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Safe Sport Blog: Bullying

03/29/2016, 9:00pm CDT
By Kim O'Shea, USA Fencing Safe Sport Coordinator

During the past few years, bullying has become a frequent topic of conversation in the media as well as in classrooms and sports venues around the country. One of the key tenants of USA Fencing’s Safe Sport program is to help athletes, parents and coaches prevent bullying and learn what to do if such situations occur.

Definition from the USA Fencing Safe Sport Policy Manual:  Bullying is 1. An intentional, persistent and repeated pattern of committing, or willfully tolerating by another person, physical and non-physical behaviors that are intended or  have the reasonable potential, to cause fear, humiliation or physical harm in an attempt to socially exclude, diminish or isolate the targeted athlete(s) as a condition of membership. 2. Any act or conduct described as bullying under federal or state law.

Unfortunately, bullying can happen in any  sport.  Whether it’s one athlete bullying another, a coach bullying a referee, or a parent bullying tournament officials, bullying can occur on many levels.

For our sport to grow, we want new members to feel safe and welcome. We need to train and empower coaches, tournament staff and referees, and we need the adults in the organization to reinforce a positive athletic environment for all. While many think of bullying as primarily an issue related to interactions between athletes, it is unfortunately a problem that occurs with adults as well, including parents and coaches who are often unaware that their behavior not only negatively impacts those they are targeting, but creates a bad example for their athletes as well.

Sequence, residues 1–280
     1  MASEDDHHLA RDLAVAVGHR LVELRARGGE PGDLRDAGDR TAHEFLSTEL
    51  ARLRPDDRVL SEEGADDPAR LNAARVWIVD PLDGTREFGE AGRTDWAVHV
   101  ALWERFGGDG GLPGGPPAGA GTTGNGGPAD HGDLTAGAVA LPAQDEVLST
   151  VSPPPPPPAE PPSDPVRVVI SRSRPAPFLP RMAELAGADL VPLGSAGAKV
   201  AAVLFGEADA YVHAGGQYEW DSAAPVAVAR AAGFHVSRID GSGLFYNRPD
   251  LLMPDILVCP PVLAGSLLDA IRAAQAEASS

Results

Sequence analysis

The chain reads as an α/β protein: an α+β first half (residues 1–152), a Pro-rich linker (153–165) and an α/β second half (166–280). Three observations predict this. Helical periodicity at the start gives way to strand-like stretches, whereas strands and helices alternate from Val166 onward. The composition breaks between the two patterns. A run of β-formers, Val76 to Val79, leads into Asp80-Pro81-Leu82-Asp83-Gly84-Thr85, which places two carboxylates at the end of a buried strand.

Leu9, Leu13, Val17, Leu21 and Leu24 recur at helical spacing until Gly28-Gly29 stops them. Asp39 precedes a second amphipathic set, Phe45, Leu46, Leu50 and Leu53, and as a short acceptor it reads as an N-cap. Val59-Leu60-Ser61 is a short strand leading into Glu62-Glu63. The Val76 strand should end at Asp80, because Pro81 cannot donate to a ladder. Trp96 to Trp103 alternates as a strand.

Each adult in USA Fencing can take on the responsibility of setting the right example for our athletes. The coaches, referees and parents should see themselves as a team, working together to improve the athlete’s experience.  Coaches are the teachers, mentors and guides…leading the athlete through the developmental progression; reinforcing high expectations for behavior and performance; and helping each athlete reach the highest levels s/he is willing to commit to achieve.  Referees are the impartial directors of competition, making each bout an opportunity to learn and improve for the athletes.  And, parents are the unconditional love and support each athlete needs. They’re there to be the cheerleader and shoulder to lean on if the day is challenging…and to give the kids those awesomely cheesy parent-hugs that embarrass them!

For any time those challenges are from bullying, here are resources for handling the situation:

For kids who are being bullied or want to help someone being bullied (from, author Hara Estroff Marano, “Top Strategies for Handling a Bully”):

  1. Avoid the bully…know when to walk away.
  2. Use humor to defuse….make a joke: “Look, Johnny, lay off. I don’t want you to be late for school (practice).”
  3. Be assertive (“leave me alone!”)…may be the best defense for girls
  4. Recruit a friend…may be the best defense for boys
  5. Be a friend….seek out the friendly kids.
  6. Also:  tell an adult!

For adults stepping in to help a kid-kid bullying situation (from Case, Heather and Gray, Laurie.  “How to BEAT Bullying”, LSC Safe Sport Chair Workshop for USA Swimming, Dallas, TX, June 1, 2013):

Stop Bullying:

  1. Intervene immediately. It’s ok to get another adult to help.
  2. Separate the kids involved.
  3. Make sure everyone is safe.
  4. Meet any immediate medical or mental health needs.
  5. Stay calm. Reassure the kids involved, including bystanders.
  6. Model respectful behavior when you intervene.

How to BEAT Bullying:

  1. Break the Bullying Cycle
  2. Empower bystanders (and target and bully)
  3. Administer appropriate intervention
  4. Teach others to do the same

Anti-bullying websites:

Let’s all work together to keep USA Fencing a positive athletic environment for everyone involved!

Tag(s): Blog